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Unformatted text preview: 6.042/18.062J Mathematics for Computer Science November 10, 2010 Tom Leighton and Marten van Dijk Notes for Recitation 17 The Four-Step Method This is a good approach to questions of the form, “What is the probability that ——?” Intuition will mislead you, but this formal approach gives the right answer every time. 1. Find the sample space. (Use a tree diagram.) 2. Define events of interest. (Mark leaves corresponding to these events.) 3. Determine outcome probabilities: (a) Assign edge probabilities. (b) Compute outcome probabilities. (Multiply along root-to-leaf paths.) 4. Compute event probabilities. (Sum the probabilities of all outcomes in the event.) Recitation 17 2 1 The Four-Door Deal Suppose that Let’s Make a Deal is played according to different rules. Now there are four doors, with a prize hidden behind one of them. The contestant is allowed to pick a door. The host must then reveal a different door that has no prize behind it. The contestant is allowed to stay with his or her original door or to pick one of the other two that are still closed. If the contestant chooses the door concealing the prize in this second stage, then he or she wins. 1. Contestant Stu, a sanitation engineer from Trenton, New Jersey, stays with his original door. What is the probability that he wins the prize? The tree diagram is awkwardly large. This often happens; in fact, sometimes you’ll encounter infinite tree diagrams! Try to draw enough of the diagram so that you understand the structure of the remainder. Solution. Let’s make the following assumptions: (a) The prize is equally likely to be behind each door. (b) The contestant is equally likely to pick each door initially, regardless of the prize’s location. (c) The host is equally likely to reveal each door that does not conceal the prize and was not selected by the player. A partial tree diagram is shown below. The remaining subtrees are symmetric to the full-expanded subtree....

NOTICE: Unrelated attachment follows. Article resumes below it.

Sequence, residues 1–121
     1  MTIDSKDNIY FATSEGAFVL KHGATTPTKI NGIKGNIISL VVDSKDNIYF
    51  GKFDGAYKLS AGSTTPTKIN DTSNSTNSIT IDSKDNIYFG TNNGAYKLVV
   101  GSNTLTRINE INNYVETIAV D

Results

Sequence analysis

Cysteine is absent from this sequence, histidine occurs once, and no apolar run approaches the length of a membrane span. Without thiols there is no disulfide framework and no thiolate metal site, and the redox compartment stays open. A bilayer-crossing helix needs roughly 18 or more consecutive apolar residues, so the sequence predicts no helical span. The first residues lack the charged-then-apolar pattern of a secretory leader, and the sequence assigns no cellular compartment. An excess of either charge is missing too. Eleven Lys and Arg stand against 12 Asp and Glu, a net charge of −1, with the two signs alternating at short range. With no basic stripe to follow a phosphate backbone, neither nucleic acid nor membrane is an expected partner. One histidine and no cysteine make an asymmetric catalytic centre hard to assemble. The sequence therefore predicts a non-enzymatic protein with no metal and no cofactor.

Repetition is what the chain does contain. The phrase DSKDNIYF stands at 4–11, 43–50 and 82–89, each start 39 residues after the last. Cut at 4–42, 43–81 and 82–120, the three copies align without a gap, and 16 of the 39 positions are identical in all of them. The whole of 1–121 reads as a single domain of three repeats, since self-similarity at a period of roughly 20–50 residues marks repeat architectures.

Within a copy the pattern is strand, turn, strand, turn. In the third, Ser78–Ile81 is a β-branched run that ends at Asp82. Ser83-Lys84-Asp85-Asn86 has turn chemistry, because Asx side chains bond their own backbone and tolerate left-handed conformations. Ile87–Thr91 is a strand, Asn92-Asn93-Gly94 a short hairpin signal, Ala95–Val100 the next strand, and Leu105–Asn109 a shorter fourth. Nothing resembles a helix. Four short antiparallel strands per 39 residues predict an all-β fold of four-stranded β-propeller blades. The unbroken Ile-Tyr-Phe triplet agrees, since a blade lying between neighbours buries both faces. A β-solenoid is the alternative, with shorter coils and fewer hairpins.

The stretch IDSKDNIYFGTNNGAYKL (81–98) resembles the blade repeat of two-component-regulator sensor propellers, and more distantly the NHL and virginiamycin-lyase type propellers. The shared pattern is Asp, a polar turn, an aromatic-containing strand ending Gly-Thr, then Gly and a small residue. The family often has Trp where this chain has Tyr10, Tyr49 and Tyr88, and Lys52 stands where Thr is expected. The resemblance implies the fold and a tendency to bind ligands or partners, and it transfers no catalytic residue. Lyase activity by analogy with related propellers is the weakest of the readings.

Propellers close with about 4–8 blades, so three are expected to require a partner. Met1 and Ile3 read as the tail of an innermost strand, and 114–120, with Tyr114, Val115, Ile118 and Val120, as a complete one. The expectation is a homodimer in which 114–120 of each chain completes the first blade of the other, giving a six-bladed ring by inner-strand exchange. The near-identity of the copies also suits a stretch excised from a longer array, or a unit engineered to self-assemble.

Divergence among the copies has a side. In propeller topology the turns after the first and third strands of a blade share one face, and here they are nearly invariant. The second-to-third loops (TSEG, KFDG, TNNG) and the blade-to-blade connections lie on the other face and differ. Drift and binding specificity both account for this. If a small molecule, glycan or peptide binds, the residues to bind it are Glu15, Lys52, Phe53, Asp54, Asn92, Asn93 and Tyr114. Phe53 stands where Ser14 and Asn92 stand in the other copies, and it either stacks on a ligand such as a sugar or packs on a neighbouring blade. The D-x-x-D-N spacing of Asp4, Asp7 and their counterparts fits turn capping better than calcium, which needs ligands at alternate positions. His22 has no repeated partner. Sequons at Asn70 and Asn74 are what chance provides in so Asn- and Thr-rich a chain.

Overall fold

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- Fall '10
- Computer Science